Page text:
Roca, Guillem; Alcoverro, Teresa; Krause-Jensen, Dorte; Balsby, Thorsten J. S.; van Katwijk, M. M.; Marbà, Núria;Santos, Rui; Arthur, Rohan; Mascaró, Oriol; Fernández-Torquemada, Y.; Pérez, M.; Duarte, Carlos M.; Romero, Javier. Ecological Indicators 63 : 310-323 (2016) DIGITAL.CSIC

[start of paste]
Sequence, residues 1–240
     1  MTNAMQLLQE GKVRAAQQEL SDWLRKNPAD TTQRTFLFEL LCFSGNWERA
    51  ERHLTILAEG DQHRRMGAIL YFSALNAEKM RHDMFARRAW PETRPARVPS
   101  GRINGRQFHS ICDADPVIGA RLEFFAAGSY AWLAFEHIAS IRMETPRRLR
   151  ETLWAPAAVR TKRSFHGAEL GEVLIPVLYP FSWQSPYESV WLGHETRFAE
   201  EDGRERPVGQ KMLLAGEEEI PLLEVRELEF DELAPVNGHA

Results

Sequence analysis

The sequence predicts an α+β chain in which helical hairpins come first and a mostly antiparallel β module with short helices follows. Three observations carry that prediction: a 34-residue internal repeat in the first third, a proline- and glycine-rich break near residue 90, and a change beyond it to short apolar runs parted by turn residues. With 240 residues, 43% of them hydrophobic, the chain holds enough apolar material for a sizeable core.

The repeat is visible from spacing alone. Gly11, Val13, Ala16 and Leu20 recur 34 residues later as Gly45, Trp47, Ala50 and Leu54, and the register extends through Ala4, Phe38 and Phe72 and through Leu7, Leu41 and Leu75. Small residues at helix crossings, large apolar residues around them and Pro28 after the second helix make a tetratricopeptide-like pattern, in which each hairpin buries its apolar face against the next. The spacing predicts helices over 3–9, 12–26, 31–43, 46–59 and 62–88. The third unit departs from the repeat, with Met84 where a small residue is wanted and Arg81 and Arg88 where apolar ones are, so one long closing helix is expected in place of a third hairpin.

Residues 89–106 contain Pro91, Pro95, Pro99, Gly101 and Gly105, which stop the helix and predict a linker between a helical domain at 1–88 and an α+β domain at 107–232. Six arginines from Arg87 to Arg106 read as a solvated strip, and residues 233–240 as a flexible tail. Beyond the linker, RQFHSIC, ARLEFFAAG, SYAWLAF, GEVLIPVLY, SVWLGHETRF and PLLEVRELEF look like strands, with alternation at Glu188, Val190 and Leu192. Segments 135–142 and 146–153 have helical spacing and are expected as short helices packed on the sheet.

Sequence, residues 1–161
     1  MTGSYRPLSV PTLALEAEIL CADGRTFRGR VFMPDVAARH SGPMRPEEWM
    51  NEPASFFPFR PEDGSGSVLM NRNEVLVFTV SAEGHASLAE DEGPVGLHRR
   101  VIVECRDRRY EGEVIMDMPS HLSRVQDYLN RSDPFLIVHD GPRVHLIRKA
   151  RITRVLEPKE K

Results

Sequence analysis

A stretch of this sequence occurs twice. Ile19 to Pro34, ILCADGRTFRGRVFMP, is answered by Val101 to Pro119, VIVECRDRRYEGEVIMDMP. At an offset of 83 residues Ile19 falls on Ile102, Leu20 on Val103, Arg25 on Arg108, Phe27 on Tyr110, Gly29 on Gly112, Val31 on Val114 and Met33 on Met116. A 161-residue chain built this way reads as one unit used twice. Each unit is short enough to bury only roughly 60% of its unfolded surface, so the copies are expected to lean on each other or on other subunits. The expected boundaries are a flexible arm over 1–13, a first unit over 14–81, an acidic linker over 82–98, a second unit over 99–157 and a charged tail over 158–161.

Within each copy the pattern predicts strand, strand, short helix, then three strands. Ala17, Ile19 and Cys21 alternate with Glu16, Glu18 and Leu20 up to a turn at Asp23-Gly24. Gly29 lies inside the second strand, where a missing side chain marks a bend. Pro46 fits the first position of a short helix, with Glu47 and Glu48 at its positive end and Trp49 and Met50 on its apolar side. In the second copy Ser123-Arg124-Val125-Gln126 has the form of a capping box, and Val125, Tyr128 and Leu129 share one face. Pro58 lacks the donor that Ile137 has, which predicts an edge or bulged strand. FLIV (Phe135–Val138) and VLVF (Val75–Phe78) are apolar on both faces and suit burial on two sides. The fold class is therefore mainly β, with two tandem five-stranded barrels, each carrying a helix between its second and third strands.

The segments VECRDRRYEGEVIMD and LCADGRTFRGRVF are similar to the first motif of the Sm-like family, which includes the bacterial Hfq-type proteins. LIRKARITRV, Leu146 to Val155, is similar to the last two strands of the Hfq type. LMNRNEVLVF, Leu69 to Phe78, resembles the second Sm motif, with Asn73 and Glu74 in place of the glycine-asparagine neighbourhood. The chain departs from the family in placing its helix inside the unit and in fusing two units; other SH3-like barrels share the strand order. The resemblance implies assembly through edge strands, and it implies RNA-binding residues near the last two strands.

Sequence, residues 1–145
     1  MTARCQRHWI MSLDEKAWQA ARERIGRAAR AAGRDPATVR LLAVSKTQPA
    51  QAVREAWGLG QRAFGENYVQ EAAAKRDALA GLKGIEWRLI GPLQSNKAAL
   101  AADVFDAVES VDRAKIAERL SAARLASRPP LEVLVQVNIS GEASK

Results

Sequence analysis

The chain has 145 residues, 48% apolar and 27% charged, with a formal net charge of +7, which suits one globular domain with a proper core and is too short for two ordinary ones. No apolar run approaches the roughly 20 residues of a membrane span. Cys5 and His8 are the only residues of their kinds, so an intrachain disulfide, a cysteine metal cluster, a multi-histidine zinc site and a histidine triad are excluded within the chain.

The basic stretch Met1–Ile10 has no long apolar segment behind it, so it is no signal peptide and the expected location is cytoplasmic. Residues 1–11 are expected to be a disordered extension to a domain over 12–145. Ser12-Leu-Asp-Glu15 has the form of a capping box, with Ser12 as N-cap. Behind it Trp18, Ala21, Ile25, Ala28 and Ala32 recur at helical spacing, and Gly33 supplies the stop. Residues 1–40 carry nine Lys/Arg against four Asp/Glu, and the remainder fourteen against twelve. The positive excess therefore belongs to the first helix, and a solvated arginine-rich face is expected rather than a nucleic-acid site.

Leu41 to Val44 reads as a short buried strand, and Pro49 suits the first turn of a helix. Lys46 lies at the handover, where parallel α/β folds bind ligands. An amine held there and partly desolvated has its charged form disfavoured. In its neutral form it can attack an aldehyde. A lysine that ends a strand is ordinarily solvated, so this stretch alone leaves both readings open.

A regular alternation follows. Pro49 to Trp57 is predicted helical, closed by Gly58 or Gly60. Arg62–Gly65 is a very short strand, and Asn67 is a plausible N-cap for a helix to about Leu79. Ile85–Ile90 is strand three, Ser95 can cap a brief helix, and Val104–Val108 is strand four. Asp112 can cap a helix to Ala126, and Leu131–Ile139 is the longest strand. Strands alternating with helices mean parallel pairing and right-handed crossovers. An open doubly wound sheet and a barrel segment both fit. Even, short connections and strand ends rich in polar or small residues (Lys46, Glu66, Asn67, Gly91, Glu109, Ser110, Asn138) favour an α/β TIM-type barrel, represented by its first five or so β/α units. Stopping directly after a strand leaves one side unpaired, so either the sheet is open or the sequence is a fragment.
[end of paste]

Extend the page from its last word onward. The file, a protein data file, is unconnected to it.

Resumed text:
Although seagrass-based indicators are widely used to assess coastal ecosystem status, there is littleuniversality in their application. Matching the plethora of available indicators to specific managementobjectives requires a detailed knowledge of their species-specific sensitivities and their response timeto environmental stressors. We conducted an extensive survey of experimental studies to determine thesensitivity and response time of seagrass indicators to ecosystem degradation and recovery. We iden-tified seagrass size and indicator type (i.e. level of biological organization of the measure) as the mainfactors affecting indicator sensitivity and response time to degradation and recovery. While structuraland demographic parameters (e.g. shoot density, biomass) show a high and unspecific sensitivity, bio-chemical/physiological indicators present more stressor-specific responses and are the most sensitivedetecting early phases of environmental improvement. Based on these results we present a simple deci-sion tree to assist ecosystem managers to match adequate and reliable indicators to specific managementgoals.